Let me start with a gross generalisation. British people don’t like talking about money.
When I am negotiating in this country, I almost always find that the customer doesn’t want to talk about money first. They are worried that if they mention a sum that is too low it will offend. Equally they worry that if they mention a sum large enough not to offend they will have offered more than they need to and got a poor deal. When the seller is also uncomfortable, this can result in a bizarre and destructive stalemate in conversation where everyone is trying to avoid the issue. When everyone is uncomfortable and communication breaks down trust and confidence can be lost. Ultimately this can kill a sale – I’ve seen it happen.
My approach is always to try to be straightforward and comfortable with the subject of money. Then others can follow my lead, and I’m giving them something to respond to. If I seem confident and comfortable I help them to feel comfortable, and if I appear pragmatic then they don’t worry about offending me by telling me their position.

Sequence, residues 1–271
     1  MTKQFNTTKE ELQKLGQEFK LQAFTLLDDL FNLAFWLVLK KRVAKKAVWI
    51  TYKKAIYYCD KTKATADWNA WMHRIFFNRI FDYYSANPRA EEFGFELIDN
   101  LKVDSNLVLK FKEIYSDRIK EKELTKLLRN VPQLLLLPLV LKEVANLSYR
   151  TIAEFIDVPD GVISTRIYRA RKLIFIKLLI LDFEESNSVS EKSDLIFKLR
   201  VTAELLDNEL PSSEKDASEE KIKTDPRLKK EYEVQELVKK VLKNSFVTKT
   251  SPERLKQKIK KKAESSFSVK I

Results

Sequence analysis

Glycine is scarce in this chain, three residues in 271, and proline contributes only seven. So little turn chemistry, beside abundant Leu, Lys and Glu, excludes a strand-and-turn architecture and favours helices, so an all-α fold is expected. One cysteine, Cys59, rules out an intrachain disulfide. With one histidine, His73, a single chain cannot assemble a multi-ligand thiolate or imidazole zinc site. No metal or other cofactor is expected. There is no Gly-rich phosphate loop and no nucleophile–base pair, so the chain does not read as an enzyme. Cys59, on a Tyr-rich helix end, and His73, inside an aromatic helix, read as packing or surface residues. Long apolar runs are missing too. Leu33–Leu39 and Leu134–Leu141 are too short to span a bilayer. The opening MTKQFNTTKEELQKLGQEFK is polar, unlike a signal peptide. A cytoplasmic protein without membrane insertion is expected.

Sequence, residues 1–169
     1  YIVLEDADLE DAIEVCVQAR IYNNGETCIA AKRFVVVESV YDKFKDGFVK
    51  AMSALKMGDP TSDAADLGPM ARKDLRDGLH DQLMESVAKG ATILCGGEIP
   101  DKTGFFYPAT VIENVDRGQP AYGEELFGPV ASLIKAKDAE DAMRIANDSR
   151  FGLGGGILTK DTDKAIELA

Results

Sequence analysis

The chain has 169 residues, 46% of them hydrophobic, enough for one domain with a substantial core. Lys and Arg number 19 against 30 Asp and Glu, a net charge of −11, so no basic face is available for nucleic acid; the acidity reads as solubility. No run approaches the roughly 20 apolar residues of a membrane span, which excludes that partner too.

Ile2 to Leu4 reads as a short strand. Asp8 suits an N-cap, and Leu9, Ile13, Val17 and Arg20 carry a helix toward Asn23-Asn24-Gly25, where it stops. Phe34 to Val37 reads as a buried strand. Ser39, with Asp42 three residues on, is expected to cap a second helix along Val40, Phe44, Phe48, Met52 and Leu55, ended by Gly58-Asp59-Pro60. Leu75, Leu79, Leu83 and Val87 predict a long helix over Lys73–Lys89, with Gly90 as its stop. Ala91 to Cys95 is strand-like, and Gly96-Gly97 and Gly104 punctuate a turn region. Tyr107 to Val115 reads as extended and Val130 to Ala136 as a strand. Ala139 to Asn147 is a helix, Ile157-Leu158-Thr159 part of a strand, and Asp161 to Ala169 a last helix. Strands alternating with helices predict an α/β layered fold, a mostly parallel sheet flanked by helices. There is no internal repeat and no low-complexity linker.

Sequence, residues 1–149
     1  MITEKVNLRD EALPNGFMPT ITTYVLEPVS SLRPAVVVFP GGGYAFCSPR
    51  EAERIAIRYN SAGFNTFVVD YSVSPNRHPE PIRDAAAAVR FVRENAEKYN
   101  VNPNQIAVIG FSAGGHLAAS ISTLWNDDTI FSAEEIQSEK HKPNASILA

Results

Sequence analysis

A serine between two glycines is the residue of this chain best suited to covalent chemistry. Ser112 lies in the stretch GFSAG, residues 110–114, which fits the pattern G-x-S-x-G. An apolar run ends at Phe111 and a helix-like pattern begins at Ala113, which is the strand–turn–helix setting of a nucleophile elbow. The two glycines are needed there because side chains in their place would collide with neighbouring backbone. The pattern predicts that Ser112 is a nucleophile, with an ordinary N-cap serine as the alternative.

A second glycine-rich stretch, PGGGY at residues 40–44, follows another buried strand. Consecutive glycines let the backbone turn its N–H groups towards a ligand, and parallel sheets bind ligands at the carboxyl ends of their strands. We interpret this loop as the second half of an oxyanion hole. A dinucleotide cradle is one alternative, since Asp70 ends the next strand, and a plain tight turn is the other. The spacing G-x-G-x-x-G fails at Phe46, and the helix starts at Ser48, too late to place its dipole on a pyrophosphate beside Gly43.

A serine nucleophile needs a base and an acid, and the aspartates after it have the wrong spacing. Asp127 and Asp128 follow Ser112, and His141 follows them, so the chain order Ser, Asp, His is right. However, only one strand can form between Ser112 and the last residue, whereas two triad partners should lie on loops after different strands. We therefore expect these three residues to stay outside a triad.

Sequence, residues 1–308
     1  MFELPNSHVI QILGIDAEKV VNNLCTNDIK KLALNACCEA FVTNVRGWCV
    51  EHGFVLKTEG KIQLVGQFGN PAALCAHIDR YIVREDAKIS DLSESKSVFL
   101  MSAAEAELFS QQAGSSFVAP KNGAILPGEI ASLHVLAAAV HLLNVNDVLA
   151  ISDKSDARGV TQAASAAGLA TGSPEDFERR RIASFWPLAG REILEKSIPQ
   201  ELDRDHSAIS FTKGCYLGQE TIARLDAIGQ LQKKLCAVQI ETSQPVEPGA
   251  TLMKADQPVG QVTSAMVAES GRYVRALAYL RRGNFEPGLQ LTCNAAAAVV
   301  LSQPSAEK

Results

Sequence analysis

Often people I work on sales with are concerned that by being the first to mention an amount they will either turn off the buyer by saying something too high, or undersell by going for a safe smaller number. No-one wants to look silly, lose a potential sale or leave money on the table.
I don’t believe I have ever lost a sale through naming a price with confidence. Sometimes people respond with a very different idea of what the price should be, more often they respond by telling me some of the constraints they are working within. Then we can collaborate to construct a deal that works for everyone.
This is yet another situation where preparation is the key to success!
It is easy for me to be confident talking about pricing when I understand
- the costs of alternatives to using the products or services I am selling
- the customer’s business and the likely value of a product to them
- whether the customer is likely to prefer to pay once from a capital budget (Capital Expenditure –CAPEX) or to spread payment over time from an operational budget (Operational Expenditure – OPEX)
- spending limits and budgets for individuals/departments/groups in a company
- the different ways in which I could package my product or service to fit the customer’s constraints
Another way of looking at this is that if I’m not prepared well enough to be confident, it’s too early to be talking about price.
P.S. The title of this post refers to the 90’s hit Dirty Cash (Money Talks)